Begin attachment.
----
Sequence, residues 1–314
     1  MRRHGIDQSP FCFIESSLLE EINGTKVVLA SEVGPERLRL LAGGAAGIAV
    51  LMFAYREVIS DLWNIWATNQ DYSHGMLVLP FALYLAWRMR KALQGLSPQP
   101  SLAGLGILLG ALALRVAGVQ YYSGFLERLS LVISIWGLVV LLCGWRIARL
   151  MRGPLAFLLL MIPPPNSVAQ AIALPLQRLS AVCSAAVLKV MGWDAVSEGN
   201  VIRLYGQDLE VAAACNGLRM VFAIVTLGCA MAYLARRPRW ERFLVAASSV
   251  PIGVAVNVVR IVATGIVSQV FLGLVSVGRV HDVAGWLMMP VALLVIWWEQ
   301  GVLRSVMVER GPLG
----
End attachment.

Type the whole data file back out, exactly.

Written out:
Sequence, residues 1–314
     1  MRRHGIDQSP FCFIESSLLE EINGTKVVLA SEVGPERLRL LAGGAAGIAV
    51  LMFAYREVIS DLWNIWATNQ DYSHGMLVLP FALYLAWRMR KALQGLSPQP
   101  SLAGLGILLG ALALRVAGVQ YYSGFLERLS LVISIWGLVV LLCGWRIARL
   151  MRGPLAFLLL MIPPPNSVAQ AIALPLQRLS AVCSAAVLKV MGWDAVSEGN
   201  VIRLYGQDLE VAAACNGLRM VFAIVTLGCA MAYLARRPRW ERFLVAASSV
   251  PIGVAVNVVR IVATGIVSQV FLGLVSVGRV HDVAGWLMMP VALLVIWWEQ
   301  GVLRSVMVER GPLG